About the Book
Dorothy Parker, Rebecca West, Hannah Arendt, Mary McCarthy, Susan Sontag, Pauline Kael, Joan Didion, Nora Ephron, Renata Adler, and Janet Malcolm—these brilliant women are the central figures of Sharp. Their lives intertwine as they cut through the cultural and intellectual history of America in the twentieth century, arguing as fervently with each other as they did with the sexist attitudes of the men who often undervalued their work as critics and essayists. These women are united by what Dean terms as “sharpness,” the ability to cut to the quick with precision of thought and wit, a claiming of power through writing rather than position. Sharp is a vibrant and rich depiction of the intellectual beau monde of twentieth-century New York, where gossip-filled parties at night gave out to literary slanging-matches in the pages of the Partisan Review or the New York Review of Books as well as a considered portrayal of how these women came to be so influential in a climate where women were treated with derision by the critical establishment.
Mixing biography, literary criticism, and cultural history, Sharp is an enthralling exploration of how a group of brilliant women became central figures in the world of letters despite the many obstacles facing them, a testament to how anyone not in a position of power can claim the mantle of writer and, perhaps, help change the world.
Advance Praise for Sharp
“I have to recommend Michelle Dean’s Sharp: The Women Who Made an Art of Having an Opinion, a delicious cultural history that comes out in April. It brings together some of the most influential social critics of the 20th century, including Dorothy Parker, Mary McCarthy, Hannah Arendt, Susan Sontag and Joan Didion, and shows how these glamorous iconoclasts forged their singular careers. Dean makes the convincing argument that women’s voices—if not necessarily feminist ones—did far more to define the last century’s intellectual life than we realize.”—Michelle Goldberg, New York Times
“Few readers could fail to be impressed by both the research behind and readability of this first book by Dean . . . [A] stunning and highly accessible introduction to a group of important writers.”—Publishers Weekly (starred review)
“[H]owever different these women may have been from each other, the author ably explains the ways in which their lives intersected, the conversations they had, and the goals they shared . . . engaging portraits of brilliant minds.”—Kirkus Reviews
“This is such a great idea for a book, and Michelle Dean carries it off, showing us the complexities of her fascinating, extraordinary subjects, in print and out in the world. Dean writes with vigor, depth, knowledge and absorption, and as a result Sharp is a real achievement.”—Meg Wolitzer, New York Times-bestselling author of The Interestings and The Female Persuasion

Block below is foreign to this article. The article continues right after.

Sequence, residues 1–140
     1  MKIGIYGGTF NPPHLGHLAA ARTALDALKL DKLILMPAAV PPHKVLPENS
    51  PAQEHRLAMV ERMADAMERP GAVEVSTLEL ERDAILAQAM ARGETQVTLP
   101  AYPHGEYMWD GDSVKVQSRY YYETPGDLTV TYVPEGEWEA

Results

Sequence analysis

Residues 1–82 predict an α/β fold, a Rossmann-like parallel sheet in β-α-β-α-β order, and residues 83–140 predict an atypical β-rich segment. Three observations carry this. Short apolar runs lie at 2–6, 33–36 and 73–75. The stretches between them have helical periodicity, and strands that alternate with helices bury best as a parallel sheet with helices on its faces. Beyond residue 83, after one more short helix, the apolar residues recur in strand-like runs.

“Michelle Dean has delivered an exquisite examination—both rigorous and compassionate—of what it has meant to be a woman with a public voice and the power to use it critically. This book is ferociously good.”—Rebecca Traister, New York Times-bestselling author of All the Single Ladies
“There can’t be enough cultural histories which make the point that a woman intellectual must represent her own mind, and not the collective mind of all her ‘sisters.’ Sharp is a brisk, entertaining, well-researched reminder that it’s impossible to write—or think—without making life very messy for oneself, but to do so is an achievement well worth the pains.”—Sheila Heti, author of How Should A Person Be?
“An elegant, incisive, and richly detailed account of the lives of ten extraordinary women. I didn’t realize how badly I wanted a book on exactly this subject until I started reading it. Sharp is not simply a collection of distinct biographical essays, but a vital composite portrait of the intellectual life of twentieth-century America. It’s also a lot more fun to read than a deeply researched study of a group of intellectuals has any business being. A necessary book by a wonderful writer.”—Mark O’Connell, author of To Be a Machine
“An insightful look at some of the wisest and most influential women writers . . . engaging, empowering, and insightful.”—Apartment Therapy
From the Women of Sharp:
“What is accepted by most women as a flattering idealization of their sex is a way of making women feel inferior to what they actually are—or normally grow to be. For the ideal of beauty is administered as a form of self-oppression.”—Susan Sontag
“It would never have crossed my mind to object or to say, ‘You’re going to turn out to be wrong about me.’ It was a given in those days that if you were a woman and you wanted to do certain things, you were going to have to be the exception to the rule.”—Nora Ephron
“To put it very simply, I have always done what I liked to do.”—Hannah Arendt
Named a Most Anticipated Book of 2018 by Esquire, the Guardian, the Washington Post, the Huffington Post, The Rumpus, Elle, the Millions, Southern Living, Vol. 1 Brooklyn, Boston Globe, Publishers Weekly, and Book Riot